posted by desuetude at 8:56 PM on May 16, 2012 [4 favorites]


Where I work, we would never turn down a better candidate for a worse one just because it would get a butt in a chair a couple weeks sooner. Besides, finding someone else who's decent and scheduling time with interviewers and potentially paying to fly them in, etc, can easily take longer than your vacation anyway. We would just wait for you to come back so you could start then. But, yeah, don't even bring it up until you've agreed on a salary.
posted by tylerkaraszewski at 9:56 PM on May 16, 2012


In my experience, it is contract positions that are generally time-bound, not permanent positions.

Depending on how well you've gotten with the rest of the team, and assuming this is a permanent position, you might even feel free about mentioning the trip; when I'm in an interviewer's chair, I generally don't mind acquiescing to such requests because it would demonstrate that the person has some specific interests beyond the job, always a great thing. Certainly, when I joined my current job, I specifically asked for a three-week delay in joining, because I wanted to go on a backpacking trip into rural Cambodia.

I'd be careful about committing to work remotely with a new team though. You just might need a certain amount of face-time and close bonding in real-space before there's enough trust and flexibility within a team for that kind of arrangement. Additionally, you'd have a bit of a problem in setting expectations and so on if you're doing this remote.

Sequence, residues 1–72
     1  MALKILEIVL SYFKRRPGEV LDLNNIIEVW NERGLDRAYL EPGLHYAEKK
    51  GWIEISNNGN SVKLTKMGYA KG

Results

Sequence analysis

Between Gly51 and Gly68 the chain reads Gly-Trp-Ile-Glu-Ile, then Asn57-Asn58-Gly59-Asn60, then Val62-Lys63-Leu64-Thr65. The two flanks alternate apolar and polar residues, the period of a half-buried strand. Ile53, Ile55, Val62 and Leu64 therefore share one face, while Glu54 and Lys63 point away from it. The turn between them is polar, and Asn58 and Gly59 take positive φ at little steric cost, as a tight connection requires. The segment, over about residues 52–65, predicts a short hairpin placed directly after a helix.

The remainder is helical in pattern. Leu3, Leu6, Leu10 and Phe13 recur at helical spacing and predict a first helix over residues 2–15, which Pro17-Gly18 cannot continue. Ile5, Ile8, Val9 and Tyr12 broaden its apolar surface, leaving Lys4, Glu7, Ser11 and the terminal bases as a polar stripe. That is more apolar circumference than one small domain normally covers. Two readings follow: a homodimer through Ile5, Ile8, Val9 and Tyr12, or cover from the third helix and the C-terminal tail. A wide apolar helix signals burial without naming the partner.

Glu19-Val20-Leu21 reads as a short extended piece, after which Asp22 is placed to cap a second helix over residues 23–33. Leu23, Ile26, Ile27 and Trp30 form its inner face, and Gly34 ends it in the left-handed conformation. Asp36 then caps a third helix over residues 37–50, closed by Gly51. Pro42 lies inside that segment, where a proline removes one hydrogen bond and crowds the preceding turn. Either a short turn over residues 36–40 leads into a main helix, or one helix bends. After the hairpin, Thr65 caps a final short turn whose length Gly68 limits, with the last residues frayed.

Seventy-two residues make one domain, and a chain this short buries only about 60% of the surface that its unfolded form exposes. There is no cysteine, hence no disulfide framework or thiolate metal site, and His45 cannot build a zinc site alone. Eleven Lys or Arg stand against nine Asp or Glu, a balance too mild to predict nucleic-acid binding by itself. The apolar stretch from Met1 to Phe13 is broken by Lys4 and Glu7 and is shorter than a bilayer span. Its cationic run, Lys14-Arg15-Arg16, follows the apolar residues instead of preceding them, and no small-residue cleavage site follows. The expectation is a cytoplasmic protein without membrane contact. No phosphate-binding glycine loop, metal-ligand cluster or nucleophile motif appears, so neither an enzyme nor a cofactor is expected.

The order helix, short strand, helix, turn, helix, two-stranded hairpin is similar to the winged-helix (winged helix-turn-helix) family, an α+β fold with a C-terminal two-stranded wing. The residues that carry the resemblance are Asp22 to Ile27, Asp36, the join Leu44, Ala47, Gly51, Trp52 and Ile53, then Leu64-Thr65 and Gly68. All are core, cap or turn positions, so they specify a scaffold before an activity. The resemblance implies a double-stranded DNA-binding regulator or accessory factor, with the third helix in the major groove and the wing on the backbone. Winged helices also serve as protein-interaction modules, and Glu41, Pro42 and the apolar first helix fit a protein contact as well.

posted by the cydonian at 2:30 AM on May 17, 2012


I would not mention this during the interview at all. I would save it for when the offer is made. My general policy during interviews is that one should always act like this is the perfect job and you are the perfect candidate, short of lying. Just as they will make a decision later about whether to hire you, you will make a decision later about whether to take the job. The details, like scheduled vacations, should only be discussed after they have made a decision. This is not dishonest, they can still decide to withdraw the offer, but it does avoid muddying their decision about whether or not you're the best candidate with whether or not they have a meeting they want you to go to in July.
posted by OmieWise at 5:57 AM on May 17, 2012


Do not volunteer this information until specifically asked when you will be available. And then give your date unflinchingly, with the explanation only that you have commitments until that date that cannot be changed. When pressed, you can frame the trip as more of a "project" than a vacation, and one that will leave time for you to network with their overseas offices if necessary. Come up with a few project goals that specifically impact your new position, and you can use those to elaborate. Couch your trip in professional terms and viola! It becomes an asset during your interview.
posted by raisingsand at 7:12 AM on May 17, 2012


Wait until they ask for your start date. Most companies are willing to negotiate start dates to accommodate a new employee. As an example, a company I worked for let a new employee start a month after he was hired because he was relocating and needed to put his house on the market and arrange moving plans.

Recruiters know that people take vacation, so this isn't going to be a deal breaker. Remember that a recruiter's job is to get qualified candidates, not just fill desks.

Just make sure you don't volunteer this information until you have an offer. It might make you seem arrogant/presumptuous to start negotiating start date during the interview.
posted by deathpanels at 9:27 AM on May 17, 2012


Thanks everyone! The interview went swimmingly so I'm optimistic. Taking the advice here, I didn't mention any travel plans and will wait to see if an offer is extended and deal with it then.
posted by shoesietart at 10:33 AM on May 17, 2012